House of Representatives

Income Tax (International Agreements) Bill 1974

Income Tax (International Agreements) Act 1974

Second Reading Speech

by the Treasurer, the Honourable Frank Crean, M.P.

This Bill will amend the Income Tax (International Agreements) Act in two respects, one minor and the other substantial.

The minor amendment is quite technical and is necessary because of the proposed surcharge on property income for 1974/75. It will provide a means of taking the surcharge into account in calculating the amount of Australian tax on particular income. This calculation has to be made in order to determine a limit for double taxation credits for foreign tax so that they do not exceed Australian tax on foreign income, and to establish the rebate to be allowed where the Australian tax payable by a non-resident on Australian income is limited under an agreement.

The substantial amendment will give the force of law to a comprehensive double taxation agreement with the Federal Republic of Germany which was signed in 1972. The agreement will not, however, become actually operative until 30 days after it has been ratified by both countries and instruments of ratification exchanged.

The agreement is comprehensive and, by and large, it accords in practical effects with other such agreements to which Australia is a party. I should, however, refer to a particular matter that is dealt with somewhat differently in this agreement.

Under the agreement with the Federal Republic, withholding tax on dividends will generally be limited by each country to 15 per cent. The Federal Republic has, however, a system of taxing company profits which involves much lower rates on distributed profits than on undistributed profits. If, in a case of direct investment (that is, where foreign holding is 25 per cent or more) the Federal Republic limited its tax on dividends to 15 per cent, the situation would be wide open to exploitation. As in other agreements to which it is a party therefore, there is in our agreement with the Federal Republic provision for that country to impose its withholding tax in direct investment cases at a higher rate. The rate agreed is 25.75 per cent. This means that under the agreement, the combined company and withholding tax rate on profits leaving the Federal Republic as dividends in direct investment cases will be 43.98 per cent. The corresponding Australian rate based on the proposed company tax rate of 45 per cent will be 53.25 per cent.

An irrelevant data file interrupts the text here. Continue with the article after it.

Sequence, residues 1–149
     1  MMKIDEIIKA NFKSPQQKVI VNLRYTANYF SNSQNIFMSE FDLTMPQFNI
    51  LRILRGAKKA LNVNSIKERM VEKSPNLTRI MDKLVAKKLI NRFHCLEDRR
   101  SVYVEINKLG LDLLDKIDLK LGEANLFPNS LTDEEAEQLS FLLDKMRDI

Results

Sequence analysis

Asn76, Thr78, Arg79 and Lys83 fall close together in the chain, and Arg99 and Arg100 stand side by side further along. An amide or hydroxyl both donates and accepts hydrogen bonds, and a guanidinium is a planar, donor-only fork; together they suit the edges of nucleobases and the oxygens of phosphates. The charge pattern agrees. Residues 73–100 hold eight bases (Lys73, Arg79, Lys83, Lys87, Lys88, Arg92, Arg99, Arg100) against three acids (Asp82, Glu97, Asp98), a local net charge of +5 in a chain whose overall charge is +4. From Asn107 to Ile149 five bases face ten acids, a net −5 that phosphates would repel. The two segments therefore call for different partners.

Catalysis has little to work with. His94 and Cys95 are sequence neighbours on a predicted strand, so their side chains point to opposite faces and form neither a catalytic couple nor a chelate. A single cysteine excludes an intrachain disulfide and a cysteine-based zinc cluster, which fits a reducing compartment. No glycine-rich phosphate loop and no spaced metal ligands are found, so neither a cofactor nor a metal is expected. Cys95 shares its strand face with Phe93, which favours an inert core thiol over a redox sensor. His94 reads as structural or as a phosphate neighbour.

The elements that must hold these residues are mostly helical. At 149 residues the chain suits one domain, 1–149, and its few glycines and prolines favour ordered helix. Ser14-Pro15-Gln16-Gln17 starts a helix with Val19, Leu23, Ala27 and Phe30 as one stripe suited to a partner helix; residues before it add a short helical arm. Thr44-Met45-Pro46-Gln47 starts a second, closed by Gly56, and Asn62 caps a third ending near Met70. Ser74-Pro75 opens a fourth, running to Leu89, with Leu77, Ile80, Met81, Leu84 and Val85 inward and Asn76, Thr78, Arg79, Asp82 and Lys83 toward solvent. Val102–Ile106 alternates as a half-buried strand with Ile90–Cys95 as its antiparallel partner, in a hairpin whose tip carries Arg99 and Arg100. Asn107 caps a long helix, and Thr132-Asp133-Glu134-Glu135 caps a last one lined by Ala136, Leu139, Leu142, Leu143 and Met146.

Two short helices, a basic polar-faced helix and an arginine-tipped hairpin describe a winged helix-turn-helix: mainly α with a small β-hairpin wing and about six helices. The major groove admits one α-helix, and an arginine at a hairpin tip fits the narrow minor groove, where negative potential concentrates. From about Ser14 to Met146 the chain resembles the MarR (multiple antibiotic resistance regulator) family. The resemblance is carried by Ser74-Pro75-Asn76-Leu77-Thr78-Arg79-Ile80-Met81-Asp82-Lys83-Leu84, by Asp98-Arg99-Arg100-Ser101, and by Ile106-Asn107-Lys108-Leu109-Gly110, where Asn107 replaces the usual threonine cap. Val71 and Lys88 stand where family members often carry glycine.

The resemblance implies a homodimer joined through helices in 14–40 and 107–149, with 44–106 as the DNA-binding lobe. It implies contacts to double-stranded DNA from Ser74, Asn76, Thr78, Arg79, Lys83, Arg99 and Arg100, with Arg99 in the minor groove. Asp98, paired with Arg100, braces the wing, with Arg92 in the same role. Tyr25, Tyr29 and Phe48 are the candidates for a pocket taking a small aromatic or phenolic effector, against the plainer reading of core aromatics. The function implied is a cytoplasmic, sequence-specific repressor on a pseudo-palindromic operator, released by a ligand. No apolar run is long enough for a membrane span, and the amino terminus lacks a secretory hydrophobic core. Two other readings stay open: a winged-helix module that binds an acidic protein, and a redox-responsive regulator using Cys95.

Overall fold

As I have said, other provisions of the agreement are largely conventional in nature. Explanations of them are spelt out in some detail in the explanatory memorandum which I am circulating with the Bill. There are two things I should add. One is that, due to the delay that has unavoidably occurred in giving force to it, the agreement will have retrospective effect to the 1971/72 income year in Australia and the 1971 calendar year in the Federal Republic. The other is that I am sure all Honourable Members would regard the new agreement as further evidence of the harmonious relations that exist between the Federal Republic and Australia.

I commend the Bill to the House.

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